True. You have to do whatever works for you. Mr. Nunzio used to say that if you are comfortable and and you can play it that way 10 times, then keep it that way.Maybe not the best word for it, I guess. There are several commonly-accepted ways to play a chromatic scale, after all. But the one I feel like I see the most is largely what's used in the "Frosini Highlights" arrangements: Thumb on most white keys, 3rd finger on black keys, toss in the 2nd finger if you have two white keys in a row, use the 4th and 5th sometimes to finish up the run.
It's a consistent/logical way of doing it, but not always as speedy for me as I'd like.
I don't think I am familiar with that piece.Makes sense. Also explains his fondness for this sort of flashy chromaticism, which I understand is easier to execute quickly on CBA compared to PA.
I run into the same trouble trying to play (the presumably CBA-composed) Brise Napolitaine. That B section is murder on PA!
My copy does not have fingering on there, its an Alfred edition
I had a similar situation with "Swedish Italian Mazurka" by Frosini. I have two editions, both with a copyright date of 1933. One had fingering and the other had none. It could be that on was marketed for CBA players. (I made a re-arrangement so that the music would reflect the original key.)Interesting! My copy (and Zevy's too, it looks like) is also put out by Alfred, but it's probably a later edition.
This tune has made me much more aware that I need to work on my left hand A LOT more. But, it is carrying over to other songs that I play.
That's exactly the point, Nick. Working on these pieces will give you a lot of help with other pieces of music that you will play in the future.But, it is carrying over to other songs that I play. So, while I won't be programing Olive Blossoms on any concert stages, it is helping me play better when I play folk music for my friends and family. The left hand and bellows technique are also helping me when playing piano accordion. All in all, I'm loving the challenge.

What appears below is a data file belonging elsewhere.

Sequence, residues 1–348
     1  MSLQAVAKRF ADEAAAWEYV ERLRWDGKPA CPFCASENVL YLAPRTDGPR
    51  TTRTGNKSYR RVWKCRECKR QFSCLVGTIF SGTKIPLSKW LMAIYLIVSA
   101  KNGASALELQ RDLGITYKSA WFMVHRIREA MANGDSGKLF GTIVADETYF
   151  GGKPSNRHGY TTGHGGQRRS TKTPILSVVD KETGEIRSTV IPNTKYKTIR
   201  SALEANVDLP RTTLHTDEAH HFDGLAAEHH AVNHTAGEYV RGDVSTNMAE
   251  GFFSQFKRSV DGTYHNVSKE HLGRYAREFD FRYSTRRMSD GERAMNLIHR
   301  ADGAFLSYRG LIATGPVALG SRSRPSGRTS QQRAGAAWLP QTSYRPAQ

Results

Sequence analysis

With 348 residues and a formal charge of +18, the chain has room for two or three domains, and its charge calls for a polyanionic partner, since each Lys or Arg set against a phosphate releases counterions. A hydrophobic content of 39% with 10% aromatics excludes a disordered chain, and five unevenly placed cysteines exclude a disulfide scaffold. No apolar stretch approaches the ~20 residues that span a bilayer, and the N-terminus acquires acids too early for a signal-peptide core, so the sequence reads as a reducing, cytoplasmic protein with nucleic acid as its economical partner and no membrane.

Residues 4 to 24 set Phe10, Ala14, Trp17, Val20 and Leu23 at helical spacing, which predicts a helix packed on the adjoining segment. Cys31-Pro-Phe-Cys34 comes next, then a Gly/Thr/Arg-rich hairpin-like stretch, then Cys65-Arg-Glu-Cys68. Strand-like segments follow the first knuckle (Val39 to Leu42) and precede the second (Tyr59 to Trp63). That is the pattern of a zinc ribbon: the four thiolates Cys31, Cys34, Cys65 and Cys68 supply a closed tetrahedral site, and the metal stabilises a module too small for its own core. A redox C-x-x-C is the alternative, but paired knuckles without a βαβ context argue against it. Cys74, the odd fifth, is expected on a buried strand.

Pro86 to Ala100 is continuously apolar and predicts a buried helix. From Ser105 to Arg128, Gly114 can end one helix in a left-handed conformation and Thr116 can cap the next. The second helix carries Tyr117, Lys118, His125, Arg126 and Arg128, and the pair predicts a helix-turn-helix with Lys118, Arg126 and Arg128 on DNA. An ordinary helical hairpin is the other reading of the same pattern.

There is a beautiful middle section in French Toast. Does anyone know where to get the sheet music from or if it is included in any of the accordion books with collections?Funny you should mention that. I don't remember whether I started to learn "Olive Blossoms" or Frank Marocco's "French Toast" first (both were a while ago), but I remember how playing a tricky left hand part in the second one went a lot easier than I would've expected.
Turns out that it is almost identical to a passage in the other one, and the left hand work I put in really did "carry over"!
I haven't been able to find a YouTube clip of Mr. Marocco himself playing "French Toast", but this one is a good example. Notice how the bass part at the very beginning is essentially the bass part to the Trio section of Olive Blossoms, moved down a 5th. I wonder if Frosini was an influence on its composition?
There is a beautiful middle section in French Toast. Does anyone know where to get the sheet music from or if it is included in any of the accordion books with collections?
Thanks Jeff, I looked at these sites and the book was available but I got it from ebay slightly cheaper and including a CD. Thanks for your advice. There's no way I would have known that it was in that collection. Interesting that it's called jazz. I would have thought it more likely to be found in a collection of french musette pieces.I have it in a collection titled "Frank Marocco - Jazz Accordion, book 2", published by Carisch.
In the States, SheetMusicPlus has it for sale: https://www.sheetmusicplus.com/title/jazz-accordion-vol-2-sheet-music/21334941
Across the pond, try Stretta: https://www.stretta-music.com/en/frank-jazz-accordion-2-nr-581138.html